Dupuytren's Contracture: Causes, Symptoms, and Treatment
How Is Dupuytren's Contracture Treated?
There is no cure for Dupuytren's contracture. However, the condition is not life threatening, and it may not cause a person discomfort for many years, if ever. Some patients never need treatment, just monitoring.
If the condition is painful or interferes with a person's daily activities, treatment may be helpful. Treatment includes medication and surgery.
It's important to note that finger splints do not help patients with Dupuytren's contracture and may even be harmful. Stretching the finger forcefully can actually speed up the inward curling of the finger.
Medication for Dupuytren's Contracture
If a nodule is extremely tender, your doctor may recommend a corticosteroid injection, also called a steroid shot. A corticosteroid is a powerful anti-inflammatory medicine, which reduces swelling and inflammation. It may help ease your pain and in some cases may prevent finger contractures from getting worse, but won't straighten your finger if you already have a contracture. You might need a series of shots to see long-term results.
If your fingers are already bent, Xiaflex, a mixture of enzymes that help dissolve the thick and tight tissue may be injected into the affected area by your doctor. This weakens the tight bands and may allow your doctor to then stretch the tightened area. The most common side effects seen with Xiaflex are swelling, bleeding, bruising, or pain at the injection site. Rarely, tendon or ligament damage may occur that requires surgery to fix. Your doctor can help you determine if enzyme injections or surgery is right for you.
Surgery for Dupuytren's Contracture
If the condition continues to get worse despite medications and your hand function is severely limited, your doctor may recommend surgery.
Traditional surgery for Dupuytren's contracture involves cutting or removing the thick bands of tissue in the palm of the hand to help restore proper finger motion.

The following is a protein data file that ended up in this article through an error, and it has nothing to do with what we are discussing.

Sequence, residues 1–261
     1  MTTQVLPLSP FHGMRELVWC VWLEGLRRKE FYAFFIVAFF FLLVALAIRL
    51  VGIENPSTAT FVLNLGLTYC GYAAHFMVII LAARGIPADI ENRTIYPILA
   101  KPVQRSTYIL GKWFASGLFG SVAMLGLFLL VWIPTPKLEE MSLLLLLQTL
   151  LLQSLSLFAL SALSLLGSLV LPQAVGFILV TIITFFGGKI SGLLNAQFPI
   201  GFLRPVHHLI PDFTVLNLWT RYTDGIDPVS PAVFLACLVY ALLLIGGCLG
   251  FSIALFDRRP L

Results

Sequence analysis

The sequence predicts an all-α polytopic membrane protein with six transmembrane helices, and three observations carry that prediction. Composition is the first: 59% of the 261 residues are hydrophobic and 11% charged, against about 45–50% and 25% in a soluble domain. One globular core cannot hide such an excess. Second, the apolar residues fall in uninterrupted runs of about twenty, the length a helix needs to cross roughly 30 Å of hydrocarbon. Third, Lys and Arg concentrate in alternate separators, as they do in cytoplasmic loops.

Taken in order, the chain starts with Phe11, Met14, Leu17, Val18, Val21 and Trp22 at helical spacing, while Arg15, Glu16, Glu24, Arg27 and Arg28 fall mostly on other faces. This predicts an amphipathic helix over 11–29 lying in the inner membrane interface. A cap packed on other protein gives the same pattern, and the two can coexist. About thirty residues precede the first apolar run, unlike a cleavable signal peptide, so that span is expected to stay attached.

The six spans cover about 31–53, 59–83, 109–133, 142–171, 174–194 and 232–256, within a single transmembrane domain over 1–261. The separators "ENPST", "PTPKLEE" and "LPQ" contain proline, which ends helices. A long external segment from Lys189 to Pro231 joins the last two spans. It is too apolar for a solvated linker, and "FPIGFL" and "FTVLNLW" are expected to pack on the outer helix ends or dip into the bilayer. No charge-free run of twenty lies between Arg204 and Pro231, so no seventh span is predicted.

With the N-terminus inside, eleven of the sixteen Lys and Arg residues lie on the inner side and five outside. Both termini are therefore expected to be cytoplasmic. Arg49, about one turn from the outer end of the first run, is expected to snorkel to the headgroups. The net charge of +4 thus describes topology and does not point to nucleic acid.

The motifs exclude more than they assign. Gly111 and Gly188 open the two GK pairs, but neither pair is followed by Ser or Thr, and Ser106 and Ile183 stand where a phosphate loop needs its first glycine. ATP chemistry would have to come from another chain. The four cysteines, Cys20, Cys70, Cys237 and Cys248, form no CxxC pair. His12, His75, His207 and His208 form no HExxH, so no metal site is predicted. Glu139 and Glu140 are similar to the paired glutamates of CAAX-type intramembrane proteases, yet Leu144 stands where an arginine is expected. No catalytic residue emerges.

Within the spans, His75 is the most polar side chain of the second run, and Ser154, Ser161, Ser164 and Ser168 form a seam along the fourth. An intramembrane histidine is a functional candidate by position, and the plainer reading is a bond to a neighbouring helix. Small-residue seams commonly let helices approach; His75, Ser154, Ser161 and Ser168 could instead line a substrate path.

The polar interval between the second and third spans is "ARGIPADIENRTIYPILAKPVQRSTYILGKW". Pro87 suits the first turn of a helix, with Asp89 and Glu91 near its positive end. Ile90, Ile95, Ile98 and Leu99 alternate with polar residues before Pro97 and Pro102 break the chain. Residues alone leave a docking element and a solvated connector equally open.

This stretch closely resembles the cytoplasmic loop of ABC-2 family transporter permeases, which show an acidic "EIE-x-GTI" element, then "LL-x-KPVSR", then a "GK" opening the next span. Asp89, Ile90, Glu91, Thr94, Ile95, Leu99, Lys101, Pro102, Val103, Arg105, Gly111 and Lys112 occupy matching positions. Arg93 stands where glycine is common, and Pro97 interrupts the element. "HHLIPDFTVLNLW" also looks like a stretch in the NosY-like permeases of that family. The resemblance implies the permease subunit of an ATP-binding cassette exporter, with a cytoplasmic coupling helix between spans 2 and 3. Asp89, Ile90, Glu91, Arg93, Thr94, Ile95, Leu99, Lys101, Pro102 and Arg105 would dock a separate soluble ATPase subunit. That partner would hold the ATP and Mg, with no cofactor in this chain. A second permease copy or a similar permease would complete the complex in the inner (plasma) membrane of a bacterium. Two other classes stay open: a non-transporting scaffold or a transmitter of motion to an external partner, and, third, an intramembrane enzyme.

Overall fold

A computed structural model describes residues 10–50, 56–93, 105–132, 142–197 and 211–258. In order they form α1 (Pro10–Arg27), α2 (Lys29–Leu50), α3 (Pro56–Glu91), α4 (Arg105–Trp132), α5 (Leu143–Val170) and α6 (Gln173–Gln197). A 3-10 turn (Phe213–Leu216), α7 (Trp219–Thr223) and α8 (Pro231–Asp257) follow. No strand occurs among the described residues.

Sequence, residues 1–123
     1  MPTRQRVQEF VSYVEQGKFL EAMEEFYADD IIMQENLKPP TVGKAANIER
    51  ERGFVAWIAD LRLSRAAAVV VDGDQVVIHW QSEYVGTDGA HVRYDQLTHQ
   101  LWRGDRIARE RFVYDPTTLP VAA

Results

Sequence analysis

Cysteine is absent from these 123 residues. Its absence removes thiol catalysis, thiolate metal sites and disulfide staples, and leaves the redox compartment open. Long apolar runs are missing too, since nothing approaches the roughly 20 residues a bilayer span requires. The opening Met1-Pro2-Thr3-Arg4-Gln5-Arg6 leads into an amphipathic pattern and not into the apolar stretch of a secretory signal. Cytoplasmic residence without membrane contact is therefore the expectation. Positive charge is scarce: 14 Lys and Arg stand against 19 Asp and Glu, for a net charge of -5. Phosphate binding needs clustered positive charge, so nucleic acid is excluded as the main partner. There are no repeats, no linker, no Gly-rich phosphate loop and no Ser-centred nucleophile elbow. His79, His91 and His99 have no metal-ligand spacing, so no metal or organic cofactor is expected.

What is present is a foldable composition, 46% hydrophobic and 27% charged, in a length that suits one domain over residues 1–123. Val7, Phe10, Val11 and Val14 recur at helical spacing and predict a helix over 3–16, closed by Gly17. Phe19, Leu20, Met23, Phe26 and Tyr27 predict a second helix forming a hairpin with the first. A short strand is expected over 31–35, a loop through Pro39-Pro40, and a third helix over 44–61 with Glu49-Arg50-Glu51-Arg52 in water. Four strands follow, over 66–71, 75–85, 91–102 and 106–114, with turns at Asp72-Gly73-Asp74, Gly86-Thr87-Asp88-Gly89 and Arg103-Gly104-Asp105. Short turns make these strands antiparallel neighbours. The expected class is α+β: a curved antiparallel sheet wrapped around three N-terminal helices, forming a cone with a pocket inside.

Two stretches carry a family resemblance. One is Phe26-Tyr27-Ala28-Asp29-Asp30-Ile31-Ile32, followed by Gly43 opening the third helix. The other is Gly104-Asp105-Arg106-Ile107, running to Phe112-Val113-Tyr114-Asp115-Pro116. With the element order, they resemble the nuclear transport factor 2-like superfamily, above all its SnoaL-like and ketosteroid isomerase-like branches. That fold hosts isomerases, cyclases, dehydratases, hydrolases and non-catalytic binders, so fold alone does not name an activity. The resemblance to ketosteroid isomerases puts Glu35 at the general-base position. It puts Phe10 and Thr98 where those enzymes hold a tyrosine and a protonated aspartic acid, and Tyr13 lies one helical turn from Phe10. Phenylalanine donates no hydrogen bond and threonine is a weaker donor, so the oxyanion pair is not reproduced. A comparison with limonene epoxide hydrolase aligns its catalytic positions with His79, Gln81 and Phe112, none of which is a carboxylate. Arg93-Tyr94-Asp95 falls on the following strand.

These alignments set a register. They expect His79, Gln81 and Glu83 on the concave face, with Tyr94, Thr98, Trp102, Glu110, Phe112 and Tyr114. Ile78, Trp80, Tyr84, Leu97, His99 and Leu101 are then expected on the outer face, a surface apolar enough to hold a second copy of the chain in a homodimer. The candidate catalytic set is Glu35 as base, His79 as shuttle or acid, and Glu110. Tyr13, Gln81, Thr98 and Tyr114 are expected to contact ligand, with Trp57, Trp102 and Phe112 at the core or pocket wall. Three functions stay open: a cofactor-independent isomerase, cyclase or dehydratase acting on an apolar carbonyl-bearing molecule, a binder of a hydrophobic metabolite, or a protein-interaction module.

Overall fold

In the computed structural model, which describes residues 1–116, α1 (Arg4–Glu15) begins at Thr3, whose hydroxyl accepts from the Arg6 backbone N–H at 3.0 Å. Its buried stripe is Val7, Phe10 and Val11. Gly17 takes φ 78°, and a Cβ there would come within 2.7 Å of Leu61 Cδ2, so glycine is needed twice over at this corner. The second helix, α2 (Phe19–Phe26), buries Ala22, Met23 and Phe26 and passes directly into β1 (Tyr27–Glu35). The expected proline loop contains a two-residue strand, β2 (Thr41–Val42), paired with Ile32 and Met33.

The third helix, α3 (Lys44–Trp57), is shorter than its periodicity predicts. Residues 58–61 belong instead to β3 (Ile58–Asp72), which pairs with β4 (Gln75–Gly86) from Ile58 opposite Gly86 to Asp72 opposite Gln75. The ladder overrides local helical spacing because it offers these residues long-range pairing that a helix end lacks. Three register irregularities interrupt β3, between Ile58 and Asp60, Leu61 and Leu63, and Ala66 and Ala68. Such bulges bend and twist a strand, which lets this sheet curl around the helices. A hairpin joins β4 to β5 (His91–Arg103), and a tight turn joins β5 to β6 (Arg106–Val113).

All surgery comes with risks. Complications of Dupuytren's contracture surgery are rare but may include:
- Injury to the nerves and blood vessels in the hand
- Permanent stiffness of the fingers
You will have some hand swelling and discomfort after the procedure. Raising your hand above your heart level and flexing your fingers can help relieve swelling, stiffness, and pain and speed up your recovery. Recovery can take several months.
Most patients can move their fingers better after traditional Dupuytren's contracture surgery. However, the condition returns in about one in five people who have had this surgery.
A less invasive procedure, called needle aponeurotomy, is an alternative to traditional surgery for Dupuytren's contracture. Instead of an open incision, it uses the sharp end of a needle to cut the thick bands under the skin, which may help you recover faster. However, it is not as effective in treating the more severe cases. As a whole there is less risk of complications, but there is a risk of nerve, blood vessel, or tendon damage. Needle aponeurotomy is even more effective when used in combination with corticosteroid injections. A specialized hand surgeon must perform this procedure. Ask your doctor what type of surgery is best for you.
Your doctor may recommend physical therapy after surgery.